Vaginal steaming is a widespread and universal practice not isolated to one single origin. Ancient records document the use of vaginal steam practices in Europe, Africa, Asia, Oceana, and the Americas.
Despite historical worldwide use of vaginal steaming, the practice gradually fell into decline, especially in the Western world. The reason for this is two-fold: 1) Several hundred years ago Europe passed laws making it illegal for anyone other than medical doctors to practice medicine. These laws were violently enforced and eliminated most female health practitioners who at the time were often barred from attending medical school. In their absence, the knowledge of multiple traditional reproductive health practices, including vaginal steaming, went into obscurity. 2) During the European colonization period, the patriarchal system of medicine that had developed in the absence of female physicians was imposed worldwide while at the same time outlawing indigenous medicine in colonial settlements. These practices further pushed steaming into obscurity.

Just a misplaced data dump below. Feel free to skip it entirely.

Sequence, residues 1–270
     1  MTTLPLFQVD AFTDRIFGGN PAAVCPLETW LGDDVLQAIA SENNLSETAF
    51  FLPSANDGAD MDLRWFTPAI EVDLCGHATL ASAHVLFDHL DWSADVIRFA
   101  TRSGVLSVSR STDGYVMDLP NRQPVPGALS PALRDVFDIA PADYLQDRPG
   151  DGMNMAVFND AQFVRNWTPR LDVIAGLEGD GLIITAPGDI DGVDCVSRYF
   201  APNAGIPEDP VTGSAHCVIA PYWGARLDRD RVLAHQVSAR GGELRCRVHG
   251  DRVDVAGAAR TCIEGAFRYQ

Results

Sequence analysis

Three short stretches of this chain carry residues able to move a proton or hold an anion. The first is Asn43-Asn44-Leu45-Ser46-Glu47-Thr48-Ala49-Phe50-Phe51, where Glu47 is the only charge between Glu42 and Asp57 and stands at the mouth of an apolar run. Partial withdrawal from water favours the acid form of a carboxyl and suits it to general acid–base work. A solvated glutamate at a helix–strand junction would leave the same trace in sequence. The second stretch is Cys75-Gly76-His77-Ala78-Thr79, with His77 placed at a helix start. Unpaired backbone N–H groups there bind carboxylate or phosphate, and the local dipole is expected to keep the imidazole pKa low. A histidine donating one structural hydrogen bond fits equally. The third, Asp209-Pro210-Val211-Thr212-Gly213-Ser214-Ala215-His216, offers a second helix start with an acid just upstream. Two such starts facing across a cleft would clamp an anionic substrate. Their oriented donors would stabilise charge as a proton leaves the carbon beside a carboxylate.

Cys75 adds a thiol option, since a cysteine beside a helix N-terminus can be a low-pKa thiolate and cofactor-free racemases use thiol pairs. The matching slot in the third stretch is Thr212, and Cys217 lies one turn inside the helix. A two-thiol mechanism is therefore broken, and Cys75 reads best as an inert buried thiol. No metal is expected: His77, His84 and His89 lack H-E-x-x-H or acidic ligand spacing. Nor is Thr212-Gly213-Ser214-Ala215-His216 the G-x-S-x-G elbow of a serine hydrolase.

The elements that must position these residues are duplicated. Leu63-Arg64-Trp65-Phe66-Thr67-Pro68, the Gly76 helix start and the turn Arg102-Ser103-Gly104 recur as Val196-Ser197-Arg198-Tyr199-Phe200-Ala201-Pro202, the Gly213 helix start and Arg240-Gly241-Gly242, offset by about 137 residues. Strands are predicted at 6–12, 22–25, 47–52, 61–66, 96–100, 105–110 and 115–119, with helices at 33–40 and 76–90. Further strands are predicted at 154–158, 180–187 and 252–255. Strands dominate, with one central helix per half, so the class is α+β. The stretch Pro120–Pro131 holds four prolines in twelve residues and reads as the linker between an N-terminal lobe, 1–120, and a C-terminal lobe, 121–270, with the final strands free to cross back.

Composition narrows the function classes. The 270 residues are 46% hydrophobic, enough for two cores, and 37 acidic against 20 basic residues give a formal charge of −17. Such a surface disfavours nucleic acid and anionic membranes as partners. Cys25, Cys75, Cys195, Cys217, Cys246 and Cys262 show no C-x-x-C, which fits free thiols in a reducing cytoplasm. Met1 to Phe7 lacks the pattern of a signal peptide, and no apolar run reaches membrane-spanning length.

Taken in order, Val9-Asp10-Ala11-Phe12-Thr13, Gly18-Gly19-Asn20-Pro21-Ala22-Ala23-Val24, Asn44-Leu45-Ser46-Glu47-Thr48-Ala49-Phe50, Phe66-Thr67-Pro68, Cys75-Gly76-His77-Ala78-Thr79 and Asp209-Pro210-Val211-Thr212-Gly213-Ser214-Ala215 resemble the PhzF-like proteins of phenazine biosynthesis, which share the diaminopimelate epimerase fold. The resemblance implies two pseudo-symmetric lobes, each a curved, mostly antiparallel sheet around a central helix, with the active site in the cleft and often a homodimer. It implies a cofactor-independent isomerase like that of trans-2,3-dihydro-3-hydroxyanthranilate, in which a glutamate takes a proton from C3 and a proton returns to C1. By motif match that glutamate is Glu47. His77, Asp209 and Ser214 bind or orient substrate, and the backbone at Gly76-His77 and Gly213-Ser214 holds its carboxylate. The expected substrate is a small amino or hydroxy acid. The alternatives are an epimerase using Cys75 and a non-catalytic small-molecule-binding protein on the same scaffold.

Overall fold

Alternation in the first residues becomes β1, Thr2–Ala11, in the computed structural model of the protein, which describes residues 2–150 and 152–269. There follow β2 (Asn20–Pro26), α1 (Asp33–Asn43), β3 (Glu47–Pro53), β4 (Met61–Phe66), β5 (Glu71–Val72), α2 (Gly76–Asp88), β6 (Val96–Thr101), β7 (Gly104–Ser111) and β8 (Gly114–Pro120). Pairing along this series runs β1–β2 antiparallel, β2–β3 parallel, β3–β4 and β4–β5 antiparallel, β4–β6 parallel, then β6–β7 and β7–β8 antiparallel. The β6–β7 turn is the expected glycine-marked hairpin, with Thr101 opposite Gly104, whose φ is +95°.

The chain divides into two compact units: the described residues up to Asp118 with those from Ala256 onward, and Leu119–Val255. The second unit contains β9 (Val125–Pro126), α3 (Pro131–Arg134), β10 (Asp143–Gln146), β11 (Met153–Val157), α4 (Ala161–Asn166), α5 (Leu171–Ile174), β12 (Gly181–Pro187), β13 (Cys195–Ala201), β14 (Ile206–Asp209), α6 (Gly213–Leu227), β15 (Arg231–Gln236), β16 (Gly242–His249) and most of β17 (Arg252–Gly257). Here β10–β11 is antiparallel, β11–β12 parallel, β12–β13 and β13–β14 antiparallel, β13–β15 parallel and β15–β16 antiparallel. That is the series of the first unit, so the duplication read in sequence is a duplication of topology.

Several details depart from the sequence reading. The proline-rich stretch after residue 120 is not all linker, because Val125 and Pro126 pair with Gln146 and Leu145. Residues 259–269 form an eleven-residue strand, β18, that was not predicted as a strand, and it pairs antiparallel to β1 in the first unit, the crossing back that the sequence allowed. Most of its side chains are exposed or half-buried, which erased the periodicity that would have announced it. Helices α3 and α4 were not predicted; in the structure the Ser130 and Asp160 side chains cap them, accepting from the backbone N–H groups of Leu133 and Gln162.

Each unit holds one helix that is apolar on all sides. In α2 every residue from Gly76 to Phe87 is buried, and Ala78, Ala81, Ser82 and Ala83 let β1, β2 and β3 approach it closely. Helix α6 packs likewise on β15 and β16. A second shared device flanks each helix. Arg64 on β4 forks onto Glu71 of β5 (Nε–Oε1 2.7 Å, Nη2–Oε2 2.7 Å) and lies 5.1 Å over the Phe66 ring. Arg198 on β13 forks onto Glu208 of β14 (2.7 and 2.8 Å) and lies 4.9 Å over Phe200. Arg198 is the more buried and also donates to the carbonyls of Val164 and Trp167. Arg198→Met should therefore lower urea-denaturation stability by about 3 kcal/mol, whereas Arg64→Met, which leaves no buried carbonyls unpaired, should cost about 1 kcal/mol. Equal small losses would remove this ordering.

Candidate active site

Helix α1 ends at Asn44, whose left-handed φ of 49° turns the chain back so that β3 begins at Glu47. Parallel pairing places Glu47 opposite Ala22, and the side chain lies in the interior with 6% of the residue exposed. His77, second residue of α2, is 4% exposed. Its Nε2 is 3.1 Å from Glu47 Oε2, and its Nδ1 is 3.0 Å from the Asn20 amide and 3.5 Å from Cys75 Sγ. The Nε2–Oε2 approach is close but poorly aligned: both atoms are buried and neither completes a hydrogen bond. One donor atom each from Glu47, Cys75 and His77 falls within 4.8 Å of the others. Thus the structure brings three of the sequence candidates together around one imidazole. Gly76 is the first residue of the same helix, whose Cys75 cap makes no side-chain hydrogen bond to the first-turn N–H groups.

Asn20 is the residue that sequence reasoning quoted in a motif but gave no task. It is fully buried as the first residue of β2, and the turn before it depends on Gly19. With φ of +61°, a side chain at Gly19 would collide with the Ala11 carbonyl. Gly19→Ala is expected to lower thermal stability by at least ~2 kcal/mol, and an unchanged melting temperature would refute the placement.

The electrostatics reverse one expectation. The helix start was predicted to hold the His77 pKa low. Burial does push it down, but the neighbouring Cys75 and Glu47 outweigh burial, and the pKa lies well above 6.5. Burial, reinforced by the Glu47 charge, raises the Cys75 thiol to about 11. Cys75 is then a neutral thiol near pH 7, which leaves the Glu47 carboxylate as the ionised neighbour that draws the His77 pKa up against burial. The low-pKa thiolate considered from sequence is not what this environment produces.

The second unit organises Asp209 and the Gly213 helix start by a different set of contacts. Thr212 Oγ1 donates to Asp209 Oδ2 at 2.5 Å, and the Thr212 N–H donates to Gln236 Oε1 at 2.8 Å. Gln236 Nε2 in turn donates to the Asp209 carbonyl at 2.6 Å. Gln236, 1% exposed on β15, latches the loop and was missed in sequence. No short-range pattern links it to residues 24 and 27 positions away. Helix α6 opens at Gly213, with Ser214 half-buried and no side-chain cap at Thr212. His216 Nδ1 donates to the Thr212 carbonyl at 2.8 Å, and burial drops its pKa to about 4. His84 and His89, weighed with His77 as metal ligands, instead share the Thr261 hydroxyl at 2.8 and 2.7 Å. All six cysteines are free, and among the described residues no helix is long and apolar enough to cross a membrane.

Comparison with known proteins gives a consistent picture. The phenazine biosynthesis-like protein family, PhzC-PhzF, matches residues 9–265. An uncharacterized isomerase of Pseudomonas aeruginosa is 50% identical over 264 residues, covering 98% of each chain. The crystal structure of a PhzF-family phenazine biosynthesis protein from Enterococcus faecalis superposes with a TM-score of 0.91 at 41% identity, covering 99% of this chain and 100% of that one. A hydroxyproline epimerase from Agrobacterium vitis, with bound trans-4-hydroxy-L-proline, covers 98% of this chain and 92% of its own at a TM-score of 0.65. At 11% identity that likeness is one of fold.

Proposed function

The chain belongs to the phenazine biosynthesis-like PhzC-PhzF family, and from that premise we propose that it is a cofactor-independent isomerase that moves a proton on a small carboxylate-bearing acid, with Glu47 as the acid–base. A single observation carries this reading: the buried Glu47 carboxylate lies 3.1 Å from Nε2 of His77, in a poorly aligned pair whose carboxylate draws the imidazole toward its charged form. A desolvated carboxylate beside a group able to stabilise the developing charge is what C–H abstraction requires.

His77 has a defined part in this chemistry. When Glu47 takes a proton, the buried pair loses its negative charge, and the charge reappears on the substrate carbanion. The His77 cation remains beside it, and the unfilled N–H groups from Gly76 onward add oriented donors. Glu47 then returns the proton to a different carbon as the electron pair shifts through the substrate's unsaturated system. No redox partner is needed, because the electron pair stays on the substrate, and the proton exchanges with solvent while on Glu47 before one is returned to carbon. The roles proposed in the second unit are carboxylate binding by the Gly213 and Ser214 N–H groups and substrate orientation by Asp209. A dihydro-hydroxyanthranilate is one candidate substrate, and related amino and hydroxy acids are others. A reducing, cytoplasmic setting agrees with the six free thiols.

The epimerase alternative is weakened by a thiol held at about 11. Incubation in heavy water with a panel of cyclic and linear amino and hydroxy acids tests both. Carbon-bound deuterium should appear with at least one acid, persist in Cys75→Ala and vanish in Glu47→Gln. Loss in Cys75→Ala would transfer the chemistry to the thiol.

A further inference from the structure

In recent years, women are reclaiming autonomy over their own health and, with this awakening, the traditional practice of vaginal steaming has re-emerged.
Gaining renown for its potential ability to improve a long list of gynecological health concerns, vaginal steaming is growing quickly in popularity and becoming used widely once again.